Yesterday at spin class, when I climbed down off my bike after an especially gruelling 55 minute class, I noticed a few drops of water under my bike. I checked to see if my water bottle was leaking, but no, the lid was screwed on tight. Suddenly it dawned on me that the liquid on the ground was my own sweat. If you are not a spinner, you may not realize the significance of this discovery. It is the athletic equivalent to a Bar or Bat Mitzvah.
There is a right of passage in the Jewish religion known as a Bar or Bat Mitzvah. When a young boy turns 13 he has a Bar Mitzvah and we say “Today you are a man.” For girls the age is 12 and it is called a Bat Mitzvah (we mature faster!).
Today, after spinning consistently 3-4 times a week, for the past 6 months, I have finally worked hard enough to produce an actual puddle of sweat, albeit small, under my bike. I would have shouted, “Today I am a spinner” but I had not one ounce of energy left to even utter mazel-tov.
When I got home, all I could think of was celebrating with something sweet and salty to replace all those precious calories I sweated away. And then I remembered the “Oh My God” pie recipe my friend Marla had sent me. It seemed a fitting way to commemorate this milestone in my life.
Marla found this recipe on NPR’s series, Found Recipes. Cooks, bakers and food writers share dishes that have surprised or delighted them. Katie Workman, author of “The Mom Cookbook: 100 Recipes Every Mom Needs in her Back Pocket”, shared Chef Bill Smith’s recipe for Atlantic Beach Pie.
This is a traditional pie, served all up and down the North Carolina Coast. Similar to a key lime or lemon meringue pie, but with a twist. The difference is in the crust. Instead of a traditional pastry or graham wafer crust, this crust is made from saltine crackers. Bill parted with tradition and topped his simply, with whipped cream, instead of the traditional meringue topping.
Bill said that when he was growing up it was common knowledge in his part of the world that you would get very sick if you ate dessert after a seafood dinner. This pie was the only exception and it was served in all the seafood restaurants on the North Carolina coast.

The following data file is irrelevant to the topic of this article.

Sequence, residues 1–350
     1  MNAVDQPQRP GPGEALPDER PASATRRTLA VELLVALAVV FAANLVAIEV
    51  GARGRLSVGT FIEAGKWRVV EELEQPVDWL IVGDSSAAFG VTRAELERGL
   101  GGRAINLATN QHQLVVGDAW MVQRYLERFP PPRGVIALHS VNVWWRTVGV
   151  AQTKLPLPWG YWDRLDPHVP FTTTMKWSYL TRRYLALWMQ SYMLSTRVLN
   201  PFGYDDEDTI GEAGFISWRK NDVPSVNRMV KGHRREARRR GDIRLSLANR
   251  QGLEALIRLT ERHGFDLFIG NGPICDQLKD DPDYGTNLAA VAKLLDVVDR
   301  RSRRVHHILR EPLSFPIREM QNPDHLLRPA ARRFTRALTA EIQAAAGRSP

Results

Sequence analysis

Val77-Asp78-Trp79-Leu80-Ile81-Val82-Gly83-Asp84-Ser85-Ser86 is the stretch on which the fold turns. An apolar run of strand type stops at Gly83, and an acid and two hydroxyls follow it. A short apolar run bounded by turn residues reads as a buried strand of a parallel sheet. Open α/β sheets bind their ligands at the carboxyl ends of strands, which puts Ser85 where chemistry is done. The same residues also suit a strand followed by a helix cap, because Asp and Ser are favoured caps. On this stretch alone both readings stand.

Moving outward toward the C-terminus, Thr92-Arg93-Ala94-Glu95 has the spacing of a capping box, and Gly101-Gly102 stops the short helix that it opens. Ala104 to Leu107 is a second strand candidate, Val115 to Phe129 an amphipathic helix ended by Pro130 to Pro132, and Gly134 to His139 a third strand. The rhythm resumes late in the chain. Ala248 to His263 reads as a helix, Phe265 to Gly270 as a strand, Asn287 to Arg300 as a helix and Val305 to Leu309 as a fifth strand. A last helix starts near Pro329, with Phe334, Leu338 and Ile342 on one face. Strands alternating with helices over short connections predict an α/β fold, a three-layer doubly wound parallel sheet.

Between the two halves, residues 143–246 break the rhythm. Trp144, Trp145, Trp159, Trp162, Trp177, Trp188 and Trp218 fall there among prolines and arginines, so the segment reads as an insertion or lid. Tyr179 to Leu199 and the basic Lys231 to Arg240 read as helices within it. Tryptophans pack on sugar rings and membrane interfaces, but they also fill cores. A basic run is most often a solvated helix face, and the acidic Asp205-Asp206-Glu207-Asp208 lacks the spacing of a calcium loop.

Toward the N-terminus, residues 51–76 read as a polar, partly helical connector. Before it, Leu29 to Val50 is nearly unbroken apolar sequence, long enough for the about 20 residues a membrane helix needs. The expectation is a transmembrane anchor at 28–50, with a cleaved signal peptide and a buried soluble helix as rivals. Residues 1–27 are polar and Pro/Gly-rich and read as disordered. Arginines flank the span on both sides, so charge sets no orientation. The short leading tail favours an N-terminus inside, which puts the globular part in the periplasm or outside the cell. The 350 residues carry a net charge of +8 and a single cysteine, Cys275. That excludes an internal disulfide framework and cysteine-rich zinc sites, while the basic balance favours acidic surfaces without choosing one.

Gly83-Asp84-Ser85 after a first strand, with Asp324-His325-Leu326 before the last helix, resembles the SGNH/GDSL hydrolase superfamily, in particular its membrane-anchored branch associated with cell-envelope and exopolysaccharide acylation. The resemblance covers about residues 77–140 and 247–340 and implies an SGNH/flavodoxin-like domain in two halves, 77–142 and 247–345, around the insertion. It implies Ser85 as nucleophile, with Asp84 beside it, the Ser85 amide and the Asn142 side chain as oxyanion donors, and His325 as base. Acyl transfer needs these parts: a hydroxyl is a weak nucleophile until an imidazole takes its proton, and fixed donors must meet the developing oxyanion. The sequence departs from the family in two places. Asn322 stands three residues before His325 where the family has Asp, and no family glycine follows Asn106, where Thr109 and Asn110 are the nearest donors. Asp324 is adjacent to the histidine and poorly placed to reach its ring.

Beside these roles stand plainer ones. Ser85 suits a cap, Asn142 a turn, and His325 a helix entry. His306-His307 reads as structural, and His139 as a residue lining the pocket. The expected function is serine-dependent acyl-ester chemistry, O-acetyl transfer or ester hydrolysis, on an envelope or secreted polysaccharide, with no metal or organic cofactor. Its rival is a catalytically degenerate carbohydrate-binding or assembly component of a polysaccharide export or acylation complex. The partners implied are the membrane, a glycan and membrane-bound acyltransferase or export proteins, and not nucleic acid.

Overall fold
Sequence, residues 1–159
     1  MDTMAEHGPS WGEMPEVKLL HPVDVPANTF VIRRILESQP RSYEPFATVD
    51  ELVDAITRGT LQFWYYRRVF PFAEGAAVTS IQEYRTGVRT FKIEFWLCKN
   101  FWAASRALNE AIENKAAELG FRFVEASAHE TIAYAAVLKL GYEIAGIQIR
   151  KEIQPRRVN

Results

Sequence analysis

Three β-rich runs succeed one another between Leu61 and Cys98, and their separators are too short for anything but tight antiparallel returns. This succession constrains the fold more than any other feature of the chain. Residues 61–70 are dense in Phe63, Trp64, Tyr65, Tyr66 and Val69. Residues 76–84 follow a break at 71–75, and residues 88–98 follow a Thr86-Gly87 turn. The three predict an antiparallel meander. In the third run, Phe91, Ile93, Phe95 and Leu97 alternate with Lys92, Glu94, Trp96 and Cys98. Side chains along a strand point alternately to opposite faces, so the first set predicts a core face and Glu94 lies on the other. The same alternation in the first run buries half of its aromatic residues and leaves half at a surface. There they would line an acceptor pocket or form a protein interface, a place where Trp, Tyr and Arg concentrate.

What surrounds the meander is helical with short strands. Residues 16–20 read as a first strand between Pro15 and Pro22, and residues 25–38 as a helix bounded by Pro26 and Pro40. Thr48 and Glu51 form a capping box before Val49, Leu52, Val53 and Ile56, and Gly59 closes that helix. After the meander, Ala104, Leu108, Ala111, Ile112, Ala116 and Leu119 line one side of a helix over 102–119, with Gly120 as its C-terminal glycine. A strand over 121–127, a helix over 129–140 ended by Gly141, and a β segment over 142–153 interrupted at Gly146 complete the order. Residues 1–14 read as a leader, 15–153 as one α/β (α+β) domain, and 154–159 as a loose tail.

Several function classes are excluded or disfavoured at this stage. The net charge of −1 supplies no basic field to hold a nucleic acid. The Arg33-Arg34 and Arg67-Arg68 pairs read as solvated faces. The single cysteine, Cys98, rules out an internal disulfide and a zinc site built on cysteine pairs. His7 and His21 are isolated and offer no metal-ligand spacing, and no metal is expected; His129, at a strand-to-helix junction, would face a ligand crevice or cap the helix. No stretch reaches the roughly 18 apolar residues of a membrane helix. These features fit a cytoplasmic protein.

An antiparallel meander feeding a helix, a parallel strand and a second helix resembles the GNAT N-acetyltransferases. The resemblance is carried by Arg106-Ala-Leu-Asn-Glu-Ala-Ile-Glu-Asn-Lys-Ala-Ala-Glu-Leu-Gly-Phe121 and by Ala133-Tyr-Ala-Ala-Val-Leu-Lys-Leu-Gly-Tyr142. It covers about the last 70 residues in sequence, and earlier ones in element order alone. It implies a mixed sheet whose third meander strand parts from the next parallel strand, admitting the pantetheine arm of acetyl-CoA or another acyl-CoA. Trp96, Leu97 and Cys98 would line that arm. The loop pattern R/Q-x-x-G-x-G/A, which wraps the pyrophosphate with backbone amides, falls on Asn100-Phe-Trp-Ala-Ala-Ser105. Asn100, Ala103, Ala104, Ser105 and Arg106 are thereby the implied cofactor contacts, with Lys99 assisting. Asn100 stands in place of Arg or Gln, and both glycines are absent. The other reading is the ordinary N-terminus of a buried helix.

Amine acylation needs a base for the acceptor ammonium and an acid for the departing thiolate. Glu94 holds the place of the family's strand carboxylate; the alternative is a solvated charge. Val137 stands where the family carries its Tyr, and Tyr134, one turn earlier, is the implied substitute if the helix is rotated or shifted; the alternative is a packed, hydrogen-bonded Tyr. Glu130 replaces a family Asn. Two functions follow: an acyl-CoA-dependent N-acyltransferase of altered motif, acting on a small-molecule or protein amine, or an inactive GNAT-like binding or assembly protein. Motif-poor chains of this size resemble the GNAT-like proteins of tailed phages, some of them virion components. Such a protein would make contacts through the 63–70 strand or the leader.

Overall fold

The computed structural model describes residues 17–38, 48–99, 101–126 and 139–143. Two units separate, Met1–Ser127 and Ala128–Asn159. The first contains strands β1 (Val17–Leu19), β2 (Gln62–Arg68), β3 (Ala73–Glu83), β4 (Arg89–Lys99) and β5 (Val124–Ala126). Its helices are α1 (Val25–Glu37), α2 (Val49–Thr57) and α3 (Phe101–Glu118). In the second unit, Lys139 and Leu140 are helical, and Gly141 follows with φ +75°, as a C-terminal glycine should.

Recently, Katie was dining at Bill’s Chapel Hill North Carolina restaurant, Cook’s Corner. After an amazing dinner of shrimp and grits, fried oysters and hush puppies, Katie says she was stuffed and had no room for another bite. But then Bill brought out a slice of this pie. Katie took one bite and had her “When Harry met Sally” moment. All she could utter, between bites, was “Oh my god, Oh my god, Oh my god!”
What makes this pie so outstanding is the crust. Crushed saltines, a bit of sugar and softened butter are transformed into a thick, dense, crispy, salty crust. No dough rolling, just press it into a pan and pre-bake the shell, while you prepare the filling.
The filling is made with lime (or lemon) juice, sweetened condensed milk and egg yolks.I learned a great trick for whipping cream ahead of time from pastry chef Anna Olsen. Her secret is to add 1 tablespoon of skim milk powder for each cup of whipping cream at any point during the whipping process to stabilize it. She says, “It doesn’t impact the taste or texture, but it stabilizes the whipped cream. You can pipe it, you can dollop it, every swirl and swish will stay in place for a full 24 hours. If you ice a cake you can cut it and you get these clean perfect slices and the whipped cream stays whipped.” I decided to get fancy with my whipped cream and I put it into a piping bag, fitted with a star tip, to top the pie. You could just spread the whipped cream over the pie with a knife, or even serve it on the side, with a slice.
This pie is a study in contrasts. The crispy crust is in perfect balance with the silky creamy filling and the billowy whipped cream topping. The saltiness in the crust is utterly complemented by the tanginess of the lime and the sweetness of the condensed milk. This is beautiful harmony in a pie. Click here to print recipe for Oh My God Pie.